Interview: Treatment of diabetes with insulin
Today we have an interview with a Canadian university professor Laurentian University and the theme will be – treatment of diabetes with insulin. Let’s talk about how to do injections, how often, and so on. Read more in the interview.
My practice nurse would like me to try a new long-acting insulin but tells me there are two options and she is not sure which one to use in my case. Could you please elaborate?
There are two long-acting analogue insulins: detemir (Levemir) and glargine (Lantus). They are both ‘designer’ insulins which are intended to last for up to 24 hours. There is not much to choose between them. Detemir is probably more consistent in its action and glargine has a slightly longer duration of action. This means that as a background insulin, you are more likely to have to take detemir twice a day – usually before breakfast and at bedtime. Glargine is in a slightly acid solution and some people complain that it stings a little when injected.
For the past four years, I have used Actrapid insulin before meals and Insu-latard at bedtime. I’ve recently been changed to NovoRapid as mealtime insulin and I’m not very happy. My control has got worse and I seem to need much larger doses of NovoRapid compared with the dose of Actrapid. It is very disheartening as I was told the new insulin would make life easier.
This is a common problem with changing to NovoRapid and there is a simple explanation. It concerns the need for background insulin 24 hours a day. Actrapid is a longer-acting insulin than NovoRapid and usually lasts from one meal to the next. Thus Actrapid before a meal provides the surge of insulin for the meal but once you are back in the basal (unfed) state, the activity of Actrapid persists, acting as background insulin until your next insulin injection. This has the downside of putting you at risk of a hypo before your next meal and increasing the need for snacks between meals. NovoRapid (exactly like Humalog) is designed to act more rapidly and wear off sooner than Actrapid. The risk of hypo is reduced but now there are times between meals when you have no background insulin.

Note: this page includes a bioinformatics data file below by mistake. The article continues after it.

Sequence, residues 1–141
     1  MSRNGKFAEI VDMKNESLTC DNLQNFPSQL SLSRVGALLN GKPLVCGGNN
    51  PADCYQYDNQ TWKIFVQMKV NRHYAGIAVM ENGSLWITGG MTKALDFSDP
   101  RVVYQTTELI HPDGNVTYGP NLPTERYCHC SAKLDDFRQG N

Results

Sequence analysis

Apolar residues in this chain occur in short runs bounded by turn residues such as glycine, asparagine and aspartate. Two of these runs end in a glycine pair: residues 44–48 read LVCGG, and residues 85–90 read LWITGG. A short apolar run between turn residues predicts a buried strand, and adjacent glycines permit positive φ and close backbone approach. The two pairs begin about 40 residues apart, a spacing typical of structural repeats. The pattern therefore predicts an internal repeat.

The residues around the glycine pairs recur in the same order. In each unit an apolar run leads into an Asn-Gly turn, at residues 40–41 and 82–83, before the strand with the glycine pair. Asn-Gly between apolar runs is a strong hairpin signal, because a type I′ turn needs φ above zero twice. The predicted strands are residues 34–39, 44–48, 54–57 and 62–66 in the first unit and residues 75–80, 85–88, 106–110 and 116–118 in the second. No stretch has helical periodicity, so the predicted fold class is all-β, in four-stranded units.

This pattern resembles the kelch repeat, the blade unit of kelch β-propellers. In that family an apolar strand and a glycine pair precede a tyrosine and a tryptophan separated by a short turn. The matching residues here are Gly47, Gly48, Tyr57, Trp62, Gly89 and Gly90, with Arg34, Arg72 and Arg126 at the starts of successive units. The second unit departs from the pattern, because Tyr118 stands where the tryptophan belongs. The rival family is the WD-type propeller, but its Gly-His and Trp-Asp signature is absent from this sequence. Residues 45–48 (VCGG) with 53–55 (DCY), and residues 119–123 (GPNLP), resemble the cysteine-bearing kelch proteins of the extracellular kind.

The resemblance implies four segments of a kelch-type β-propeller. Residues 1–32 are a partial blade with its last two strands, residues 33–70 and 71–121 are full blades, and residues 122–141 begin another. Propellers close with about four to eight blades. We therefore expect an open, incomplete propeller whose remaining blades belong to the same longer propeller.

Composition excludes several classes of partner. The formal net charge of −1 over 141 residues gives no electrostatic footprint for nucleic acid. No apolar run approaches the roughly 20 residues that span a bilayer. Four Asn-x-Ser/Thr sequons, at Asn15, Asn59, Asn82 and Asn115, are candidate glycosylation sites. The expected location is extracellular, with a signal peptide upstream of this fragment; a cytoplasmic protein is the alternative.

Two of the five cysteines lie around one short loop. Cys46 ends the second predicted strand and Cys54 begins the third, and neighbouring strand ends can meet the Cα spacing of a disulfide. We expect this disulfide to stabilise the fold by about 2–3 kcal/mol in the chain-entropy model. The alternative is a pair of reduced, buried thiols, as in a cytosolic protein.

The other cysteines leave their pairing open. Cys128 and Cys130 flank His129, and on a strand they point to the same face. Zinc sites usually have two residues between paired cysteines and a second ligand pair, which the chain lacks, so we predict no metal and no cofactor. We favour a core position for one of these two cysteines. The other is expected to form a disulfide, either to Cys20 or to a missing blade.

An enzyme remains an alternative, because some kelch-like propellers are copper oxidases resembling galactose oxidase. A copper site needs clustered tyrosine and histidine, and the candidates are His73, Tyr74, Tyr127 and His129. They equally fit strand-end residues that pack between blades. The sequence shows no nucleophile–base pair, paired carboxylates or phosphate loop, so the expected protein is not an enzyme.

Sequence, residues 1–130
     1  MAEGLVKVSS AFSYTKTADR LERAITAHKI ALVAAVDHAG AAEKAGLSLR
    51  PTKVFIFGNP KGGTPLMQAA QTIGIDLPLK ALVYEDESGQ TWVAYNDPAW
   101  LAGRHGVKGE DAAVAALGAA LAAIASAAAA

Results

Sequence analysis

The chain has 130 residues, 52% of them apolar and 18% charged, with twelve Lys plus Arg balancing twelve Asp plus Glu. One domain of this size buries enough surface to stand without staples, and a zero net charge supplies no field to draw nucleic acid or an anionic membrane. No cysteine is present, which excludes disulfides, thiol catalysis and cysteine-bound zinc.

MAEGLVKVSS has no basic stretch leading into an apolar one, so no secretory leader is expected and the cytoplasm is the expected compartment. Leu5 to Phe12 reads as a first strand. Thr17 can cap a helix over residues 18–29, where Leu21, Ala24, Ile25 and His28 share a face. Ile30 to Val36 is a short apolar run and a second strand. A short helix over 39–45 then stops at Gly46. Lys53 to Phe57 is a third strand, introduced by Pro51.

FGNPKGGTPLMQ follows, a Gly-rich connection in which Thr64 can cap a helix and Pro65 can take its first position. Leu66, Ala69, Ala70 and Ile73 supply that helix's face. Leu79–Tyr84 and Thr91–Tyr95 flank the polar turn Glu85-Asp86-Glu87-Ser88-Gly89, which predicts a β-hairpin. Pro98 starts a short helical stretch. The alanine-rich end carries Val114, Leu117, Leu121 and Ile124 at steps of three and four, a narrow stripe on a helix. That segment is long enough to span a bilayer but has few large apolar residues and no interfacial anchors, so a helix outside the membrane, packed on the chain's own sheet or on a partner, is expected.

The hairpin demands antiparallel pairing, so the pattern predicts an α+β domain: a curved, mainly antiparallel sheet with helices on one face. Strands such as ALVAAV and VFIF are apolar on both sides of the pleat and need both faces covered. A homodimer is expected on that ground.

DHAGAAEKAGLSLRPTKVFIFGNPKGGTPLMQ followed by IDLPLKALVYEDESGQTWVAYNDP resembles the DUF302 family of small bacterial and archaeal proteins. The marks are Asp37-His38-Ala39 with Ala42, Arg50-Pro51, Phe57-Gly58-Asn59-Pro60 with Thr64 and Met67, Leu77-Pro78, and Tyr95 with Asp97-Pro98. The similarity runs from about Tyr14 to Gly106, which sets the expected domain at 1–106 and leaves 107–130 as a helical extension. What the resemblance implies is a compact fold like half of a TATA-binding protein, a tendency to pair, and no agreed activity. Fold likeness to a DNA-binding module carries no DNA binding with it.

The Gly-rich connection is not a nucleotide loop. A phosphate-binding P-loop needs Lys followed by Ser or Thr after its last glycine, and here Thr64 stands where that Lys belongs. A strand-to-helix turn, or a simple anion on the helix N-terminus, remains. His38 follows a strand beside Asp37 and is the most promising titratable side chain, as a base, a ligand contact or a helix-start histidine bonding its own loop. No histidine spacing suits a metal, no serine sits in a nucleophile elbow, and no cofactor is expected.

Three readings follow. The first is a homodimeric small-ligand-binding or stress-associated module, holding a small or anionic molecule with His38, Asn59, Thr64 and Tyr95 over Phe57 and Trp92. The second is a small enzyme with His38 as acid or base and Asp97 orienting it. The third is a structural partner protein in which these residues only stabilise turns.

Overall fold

There are two solutions to this problem. One is to take an extra injection of Insulatard before breakfast. This would last throughout the day until your second injection of Insulatard at bedtime. The other option is to change to a longer-acting analogue such as glargine or detemir. These last for up to 24 hours, unlike Insulatard which only has a duration of 16 hours. Whoever replaced your Actrapid with NovoRapid should have predicted this need to change your background insulin.